The risk averse men­tal­ity sank in deeper, thanks to the dot-com bub­ble that burst around the Mil­len­nium, Dowe­jko said. Hong Kong in­vestors who climbed aboard the dot-com bub­ble lost bun­dles of equity and in­vest­ment in star­tups has never re­ally re­cov­ered, added Dowe­jko.

Skep­ti­cism pre­vails es­pe­cially among the older in­vest­ment crowd. These are the ones who have played a part in build­ing big suc­cess­ful com­pa­nies. Many of them came here dur­ing the 1960’s and 1970’s and started their own com­pa­nies to sur­vive. Their days of tak­ing big risks out of ne­ces­sity are hap­pily re­moved to the past, com­mented Dowe­jko. By con­trast, she said, to­day’s young en­trepreneurs are mo­ti­va­tion-driven and not driven by ne­ces­sity.

Get­ting back to how star­tups are a ma­jor source of new jobs, the study pointed out that star­tups with fewer than 20 em­ploy­ees do a much bet­ter job than other seg­ments of the econ­omy. An av­er­age com­pany starts with an av­er­age of 3.35 em­ploy­ees, grow to five em­ploy­ees by the end of the first year, and by the end of the fourth year, if they sur­vive, in av­er­age eight em­ploy­ees.

Polled by In­vestHK in Au­gust 2015, the re­spon­dents from 40 co-work space, in­cu­ba­tor and ac­cel­er­a­tor lo­ca­tions in Hong Kong re­vealed that there were 3,721 em­ploy­ees at these star­tups, rep­re­sent­ing a 56 per­cent in­crease over a year ago. And there were 4,535 work­sta­tions avail­able, a 60 per­cent yearon-year in­crease.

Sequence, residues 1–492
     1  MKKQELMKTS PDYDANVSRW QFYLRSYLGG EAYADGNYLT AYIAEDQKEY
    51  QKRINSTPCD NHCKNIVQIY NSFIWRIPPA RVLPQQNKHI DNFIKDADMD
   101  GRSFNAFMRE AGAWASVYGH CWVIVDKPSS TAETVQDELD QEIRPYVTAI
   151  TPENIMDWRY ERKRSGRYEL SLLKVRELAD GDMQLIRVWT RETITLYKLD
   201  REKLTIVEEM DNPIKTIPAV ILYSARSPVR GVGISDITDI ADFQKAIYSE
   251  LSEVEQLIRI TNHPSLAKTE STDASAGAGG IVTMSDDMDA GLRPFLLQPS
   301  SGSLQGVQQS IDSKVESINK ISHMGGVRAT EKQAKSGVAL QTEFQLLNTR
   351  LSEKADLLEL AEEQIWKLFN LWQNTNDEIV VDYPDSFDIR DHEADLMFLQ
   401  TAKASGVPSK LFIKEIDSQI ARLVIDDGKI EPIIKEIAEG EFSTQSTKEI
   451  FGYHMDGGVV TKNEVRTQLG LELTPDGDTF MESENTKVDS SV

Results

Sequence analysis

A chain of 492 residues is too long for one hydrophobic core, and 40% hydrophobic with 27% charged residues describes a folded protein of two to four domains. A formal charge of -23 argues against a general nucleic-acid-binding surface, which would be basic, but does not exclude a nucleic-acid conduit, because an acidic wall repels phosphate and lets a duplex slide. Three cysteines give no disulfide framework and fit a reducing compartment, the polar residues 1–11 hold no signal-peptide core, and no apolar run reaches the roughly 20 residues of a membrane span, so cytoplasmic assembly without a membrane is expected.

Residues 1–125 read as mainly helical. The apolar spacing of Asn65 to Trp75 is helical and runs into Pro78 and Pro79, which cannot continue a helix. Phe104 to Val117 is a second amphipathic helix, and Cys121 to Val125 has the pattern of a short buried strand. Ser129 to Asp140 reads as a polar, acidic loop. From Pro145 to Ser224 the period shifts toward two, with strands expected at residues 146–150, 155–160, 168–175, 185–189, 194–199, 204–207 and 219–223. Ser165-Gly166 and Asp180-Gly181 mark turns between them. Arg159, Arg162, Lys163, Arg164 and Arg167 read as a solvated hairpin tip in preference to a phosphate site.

There are a few suc­cess­ful busi­nesses in Hong Kong that started from noth­ing. One is Di­vide, less than five years old. It was founded by two peo­ple from Hong Kong and one from New York in 2011. The com­pany’s de­vise al­lows mo­bile phone users to have two phone num­bers in one smart phones — one for pri­vate use and the other for busi­ness.

To fill the gap in cap­i­tal ven­tures and an­gel in­vest­ment, ex­perts from In­no­foco and Com­pass (a San Fran­cisco-based re­search com­pany, pro­vid­ing so­lu­tions for small and medium-sized busi­nesses) agree that Hong Kong should look for po­ten­tial in­vestors out­side Hong Kong. The likely so­lu­tion is to pro­vide in­cen­tive for global ac­cel­er­a­tors to come to Hong Kong, with spe­cial in­cen­tives for lo­cal star­tups al­ready sit­u­ated in the world’s top startup ecosys­tems. In other words, Hong Kong star­tups need more in­ter­na­tional ex­po­sure.

En­trepreneurs, on the other hand, must keep look­ing and make sure that they at­tend ev­ery startup event they can find, noted Chan from In­no­foco.

Con­tact the writer at jenny@chi­nadai­lyhk.com

PHO­TOS PRO­VIDED TO CHINA DAILY

Startup en­trepreneurs share their ex­pe­ri­ences dur­ing the launch of HKFYG (Hong Kong Fed­er­a­tion of Youth Groups) Jockey Club So­cial In­no­va­tion Cen­tre in Jan­uary 2016.

The startup ecosys­tem in Hong Kong sees con­tin­ued growth in terms of the num­ber of star­tups and co-work spa­ces and in­cu­ba­tors ini­tia­tives.